On September 30th and October 1st, Inhotim, in Brumadinho, Minas Gerais, hosts the second edition of the Fartura Festival, one of the main gastronomy events in the country.
At the open-air museum, the main theme of the attractions will be “discussing Brazil’s original food, what happened here before the colonizers and what are the originally Brazilian products”, says Carolina Daher, one of the festival’s curators.
Musical attractions, gastronomy workshops and chefs cooking live are part of the program, along with round tables to debate the different characteristics of indigenous cuisine in the country.
While Inhotim will host the event for the second time, the Minas Gerais city of Tiradentes hosted the 26th edition of Fartura this year.
The theme of the festival held in the historic city between August 18th and 27th was the journey of food from origin to plate. There, Fartura is known and expected by the population and, according to Daher, occupies around 95% of beds in inns and hotels. She defines the city’s atmosphere, during the festival, as receptive and intimate, “with people strolling through the streets while drinking glasses of wine, talking and eating.”
However, he says, the first edition of the event held at Inhotim, in 2022, had a different, less festive proposal, with round tables to debate Brazilian gastronomy. For 2023, the organization’s objective is to unite the two proposals at the Brumadinho museum event.
Based on the festival that took place in the historic city, what can you expect from the party in Inhotim? At the invitation of the organization, the Sheet was at the 26th Tiradentes Culture and Gastronomy Festival. The city built at the beginning of the 18th century was the first to host the festival.
This year, the attractions were divided into three spaces. A total of 14 restaurants developed menus for the event; chefs from different parts of the country presented tasting workshops; There was also a fair with local producers, musical attractions and festivities, haute cuisine dinners created by a different pair of chefs every night.
Entry to all squares was free, with the exception of festivities. Participation in the workshops was done by prior registration, online.
In addition to teaching the preparations live, the chefs invited to the classes shared a little of their history and relationship with the event’s theme with the public. This was the case of Roberta Sudbrack, chef at Sud, in Rio de Janeiro, who claims to have defended the valorization of the food production chain since the beginning of her career.
For her, reducing the possibility of waste is not just “a trend” but is essential for the kitchen today.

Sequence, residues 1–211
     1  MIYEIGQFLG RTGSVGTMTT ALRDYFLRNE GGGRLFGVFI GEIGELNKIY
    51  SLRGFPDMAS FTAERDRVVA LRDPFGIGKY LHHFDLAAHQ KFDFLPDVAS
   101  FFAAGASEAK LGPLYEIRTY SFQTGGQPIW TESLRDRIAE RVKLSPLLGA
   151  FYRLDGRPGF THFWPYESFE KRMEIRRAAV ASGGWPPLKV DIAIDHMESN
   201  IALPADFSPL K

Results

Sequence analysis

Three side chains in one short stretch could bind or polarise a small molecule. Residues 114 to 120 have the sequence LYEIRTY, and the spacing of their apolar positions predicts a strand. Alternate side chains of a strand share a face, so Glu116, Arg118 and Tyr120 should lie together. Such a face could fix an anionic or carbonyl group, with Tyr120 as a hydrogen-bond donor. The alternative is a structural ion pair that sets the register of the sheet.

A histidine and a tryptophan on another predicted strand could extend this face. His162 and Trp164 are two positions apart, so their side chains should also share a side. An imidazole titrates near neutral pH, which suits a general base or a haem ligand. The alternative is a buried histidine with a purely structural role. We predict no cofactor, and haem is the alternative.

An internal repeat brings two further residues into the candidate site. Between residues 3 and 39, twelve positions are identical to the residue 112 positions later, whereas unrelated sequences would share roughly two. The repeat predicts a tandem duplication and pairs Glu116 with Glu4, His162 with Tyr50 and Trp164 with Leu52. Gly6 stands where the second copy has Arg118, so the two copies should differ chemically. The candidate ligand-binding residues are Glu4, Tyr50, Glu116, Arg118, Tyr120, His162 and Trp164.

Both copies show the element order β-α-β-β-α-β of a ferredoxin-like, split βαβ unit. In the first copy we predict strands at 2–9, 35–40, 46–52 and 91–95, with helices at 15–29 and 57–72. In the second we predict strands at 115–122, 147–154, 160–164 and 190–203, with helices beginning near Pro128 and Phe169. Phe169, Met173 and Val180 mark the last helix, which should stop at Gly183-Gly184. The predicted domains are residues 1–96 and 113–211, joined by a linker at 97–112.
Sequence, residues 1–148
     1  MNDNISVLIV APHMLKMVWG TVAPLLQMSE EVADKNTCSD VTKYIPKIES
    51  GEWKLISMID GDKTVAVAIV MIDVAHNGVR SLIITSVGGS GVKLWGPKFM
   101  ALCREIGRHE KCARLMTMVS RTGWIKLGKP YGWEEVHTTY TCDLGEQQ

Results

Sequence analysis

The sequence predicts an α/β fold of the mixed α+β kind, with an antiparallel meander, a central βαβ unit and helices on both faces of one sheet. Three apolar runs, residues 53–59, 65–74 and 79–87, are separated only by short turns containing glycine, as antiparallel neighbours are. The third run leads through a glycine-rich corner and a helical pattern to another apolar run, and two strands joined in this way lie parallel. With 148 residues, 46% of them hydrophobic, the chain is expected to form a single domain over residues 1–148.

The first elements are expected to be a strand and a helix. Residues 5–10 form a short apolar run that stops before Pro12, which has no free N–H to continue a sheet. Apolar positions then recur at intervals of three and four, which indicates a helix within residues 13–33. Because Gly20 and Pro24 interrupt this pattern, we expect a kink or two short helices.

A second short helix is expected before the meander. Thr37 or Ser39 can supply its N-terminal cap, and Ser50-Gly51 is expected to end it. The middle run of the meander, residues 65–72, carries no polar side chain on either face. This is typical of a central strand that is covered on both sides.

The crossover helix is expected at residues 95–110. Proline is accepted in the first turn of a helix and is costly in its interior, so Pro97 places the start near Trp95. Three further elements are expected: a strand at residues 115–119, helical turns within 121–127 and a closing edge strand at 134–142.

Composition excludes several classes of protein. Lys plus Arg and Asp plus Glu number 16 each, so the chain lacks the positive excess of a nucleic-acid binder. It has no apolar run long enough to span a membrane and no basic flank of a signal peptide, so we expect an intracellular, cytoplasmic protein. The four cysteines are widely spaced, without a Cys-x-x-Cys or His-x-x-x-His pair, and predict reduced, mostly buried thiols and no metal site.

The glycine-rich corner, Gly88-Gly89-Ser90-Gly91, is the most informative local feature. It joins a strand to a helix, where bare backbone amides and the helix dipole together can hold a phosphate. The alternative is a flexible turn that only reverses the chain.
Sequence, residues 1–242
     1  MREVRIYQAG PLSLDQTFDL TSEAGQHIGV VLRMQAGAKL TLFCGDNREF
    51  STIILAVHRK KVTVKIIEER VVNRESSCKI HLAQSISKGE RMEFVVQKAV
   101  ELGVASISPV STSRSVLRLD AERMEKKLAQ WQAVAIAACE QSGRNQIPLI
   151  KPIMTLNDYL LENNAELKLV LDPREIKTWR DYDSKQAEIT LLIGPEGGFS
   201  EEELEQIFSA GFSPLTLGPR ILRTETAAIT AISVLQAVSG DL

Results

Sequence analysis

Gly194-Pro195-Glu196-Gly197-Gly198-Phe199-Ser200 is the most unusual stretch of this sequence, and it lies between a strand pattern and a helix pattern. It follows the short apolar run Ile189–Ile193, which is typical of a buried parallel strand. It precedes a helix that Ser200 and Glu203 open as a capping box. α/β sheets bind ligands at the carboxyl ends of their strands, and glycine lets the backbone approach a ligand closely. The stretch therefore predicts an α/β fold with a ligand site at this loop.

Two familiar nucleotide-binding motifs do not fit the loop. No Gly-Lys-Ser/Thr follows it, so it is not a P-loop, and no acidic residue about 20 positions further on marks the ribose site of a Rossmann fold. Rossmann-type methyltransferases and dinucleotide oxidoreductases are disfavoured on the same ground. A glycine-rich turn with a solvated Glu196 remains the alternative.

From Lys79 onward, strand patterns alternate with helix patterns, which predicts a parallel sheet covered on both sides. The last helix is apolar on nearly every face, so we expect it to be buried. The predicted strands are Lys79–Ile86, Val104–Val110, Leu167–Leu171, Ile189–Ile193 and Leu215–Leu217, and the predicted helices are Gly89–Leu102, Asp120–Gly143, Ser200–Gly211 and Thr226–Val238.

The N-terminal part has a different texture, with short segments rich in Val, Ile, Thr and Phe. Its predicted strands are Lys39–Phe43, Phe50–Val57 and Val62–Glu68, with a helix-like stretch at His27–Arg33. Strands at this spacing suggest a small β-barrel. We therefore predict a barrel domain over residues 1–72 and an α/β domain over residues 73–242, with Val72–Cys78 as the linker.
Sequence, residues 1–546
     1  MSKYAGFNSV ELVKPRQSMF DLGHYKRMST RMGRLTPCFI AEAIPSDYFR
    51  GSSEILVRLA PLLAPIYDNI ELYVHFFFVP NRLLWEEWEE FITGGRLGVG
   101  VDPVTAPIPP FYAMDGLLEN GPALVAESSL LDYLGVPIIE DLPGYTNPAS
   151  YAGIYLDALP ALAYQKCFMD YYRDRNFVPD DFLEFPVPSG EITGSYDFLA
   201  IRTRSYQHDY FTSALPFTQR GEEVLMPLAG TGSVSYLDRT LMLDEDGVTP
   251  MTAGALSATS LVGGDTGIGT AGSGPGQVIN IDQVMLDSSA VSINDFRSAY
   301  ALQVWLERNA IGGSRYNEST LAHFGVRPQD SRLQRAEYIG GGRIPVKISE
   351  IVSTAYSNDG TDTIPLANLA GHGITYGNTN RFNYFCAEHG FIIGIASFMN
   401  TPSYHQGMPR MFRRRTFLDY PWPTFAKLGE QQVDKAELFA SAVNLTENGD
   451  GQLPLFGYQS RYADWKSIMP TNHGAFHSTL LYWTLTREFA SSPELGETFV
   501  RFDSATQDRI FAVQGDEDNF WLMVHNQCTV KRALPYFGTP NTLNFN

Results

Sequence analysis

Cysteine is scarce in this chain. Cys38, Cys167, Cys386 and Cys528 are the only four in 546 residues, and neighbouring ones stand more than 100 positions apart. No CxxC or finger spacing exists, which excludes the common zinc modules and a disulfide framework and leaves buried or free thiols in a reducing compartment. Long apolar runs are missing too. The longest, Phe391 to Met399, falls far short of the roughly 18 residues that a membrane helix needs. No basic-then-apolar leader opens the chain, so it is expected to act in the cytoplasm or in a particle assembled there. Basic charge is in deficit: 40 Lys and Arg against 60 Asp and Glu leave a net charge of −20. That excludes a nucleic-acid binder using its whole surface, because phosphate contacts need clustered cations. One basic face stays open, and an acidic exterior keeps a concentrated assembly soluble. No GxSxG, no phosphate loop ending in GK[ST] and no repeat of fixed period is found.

“Wasting food is you, chef, not using your knowledge, your intelligence and your curiosity to transform the ingredient. How are we going to make beautiful dishes and forget what’s happening around us?” For her, more chefs should take an active stance on topics such as sustainability.
All feasts were signed by women. According to Daher, from Fartura, this was a way of valuing the origins of Minas Gerais cuisine, because, on a daily basis, Brazilian cuisine is mostly led by women, but the prestige of haute cuisine goes to men.
Bruna Martins, who heads an all-female team at Birosca, in Belo Horizonte, agrees, and says she sees “Minas Gerais cuisine as a feminine cuisine”.
However, increasing the recognition of women who pursue a career in professional cooking depends on a cultural change, he says. And this goes beyond visibility, it involves the redistribution of power and influence, often restricted to a small number of men. Roberta and Bruna signed the menu for the last dinner offered at Fartura.
To try the dishes from the guest restaurants, the festival set up a structure with stands and open-air food courts, located at Praça da Rodoviária and Santíssimo Resort. The classes and tasting space took place in tents, set up in Largo das Forras.
All spaces are in the city center, whose architectural complex has been listed by Iphan (Institute of National Historical and Artistic Heritage) since 1938.
On sunny days, the public was able to make the most of the squares and even attend classes outside the tents — for those who were not registered in the reserved places. However, with the rain that hit the city on the last day of the event, the use of the attractions fell. There were no covered places for visitors to sit and eat. The umbrellas installed on the tables in the food court were unable to shelter those fleeing the rain.
When observing the public, due to hetero-identification, the majority of people enjoying the attractions were white, in the organization and maintenance of the event, however, the presence of black people was noticeable.
More than 65 thousand people attended the festival, according to data from the organization, of the total, 74% are over 31 years old and 56% say that gastronomy was the motivation for the trip. Daher states that visitors mainly come from Rio de Janeiro, São Paulo, Brasília and other cities in Minas Gerais.
At the event that will take place at Inhotim, according to Fartura there will be the presence of guests “bringing flavors from the north of the country to Minas Gerais, as well as a guest from Portugal, the cradle of national culture”. Despite dealing with the cuisine that gave rise to Brazilian cuisine, there is, to date, no mention of Afro-Brazilian cuisine.